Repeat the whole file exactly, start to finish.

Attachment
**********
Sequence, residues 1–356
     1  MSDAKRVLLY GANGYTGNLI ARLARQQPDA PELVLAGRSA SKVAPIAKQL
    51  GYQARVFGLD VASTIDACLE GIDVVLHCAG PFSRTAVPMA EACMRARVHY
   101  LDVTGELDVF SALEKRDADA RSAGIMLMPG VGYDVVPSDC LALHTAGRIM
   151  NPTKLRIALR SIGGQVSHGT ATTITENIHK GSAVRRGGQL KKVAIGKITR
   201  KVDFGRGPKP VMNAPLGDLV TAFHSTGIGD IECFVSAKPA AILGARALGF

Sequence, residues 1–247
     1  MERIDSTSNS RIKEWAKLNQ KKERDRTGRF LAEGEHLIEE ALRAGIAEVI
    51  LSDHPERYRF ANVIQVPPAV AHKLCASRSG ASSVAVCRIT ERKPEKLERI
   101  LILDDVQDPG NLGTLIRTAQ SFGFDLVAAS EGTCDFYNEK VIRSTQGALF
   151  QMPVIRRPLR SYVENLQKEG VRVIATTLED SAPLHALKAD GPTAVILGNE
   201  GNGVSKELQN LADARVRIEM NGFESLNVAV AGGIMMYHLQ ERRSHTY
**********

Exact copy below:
Sequence, residues 1–356
     1  MSDAKRVLLY GANGYTGNLI ARLARQQPDA PELVLAGRSA SKVAPIAKQL
    51  GYQARVFGLD VASTIDACLE GIDVVLHCAG PFSRTAVPMA EACMRARVHY
   101  LDVTGELDVF SALEKRDADA RSAGIMLMPG VGYDVVPSDC LALHTAGRIM
   151  NPTKLRIALR SIGGQVSHGT ATTITENIHK GSAVRRGGQL KKVAIGKITR
   201  KVDFGRGPKP VMNAPLGDLV TAFHSTGIGD IECFVSAKPA AILGARALGF

Sequence, residues 1–247
     1  MERIDSTSNS RIKEWAKLNQ KKERDRTGRF LAEGEHLIEE ALRAGIAEVI
    51  LSDHPERYRF ANVIQVPPAV AHKLCASRSG ASSVAVCRIT ERKPEKLERI
   101  LILDDVQDPG NLGTLIRTAQ SFGFDLVAAS EGTCDFYNEK VIRSTQGALF
   151  QMPVIRRPLR SYVENLQKEG VRVIATTLED SAPLHALKAD GPTAVILGNE
   201  GNGVSKELQN LADARVRIEM NGFESLNVAV AGGIMMYHLQ ERRSHTY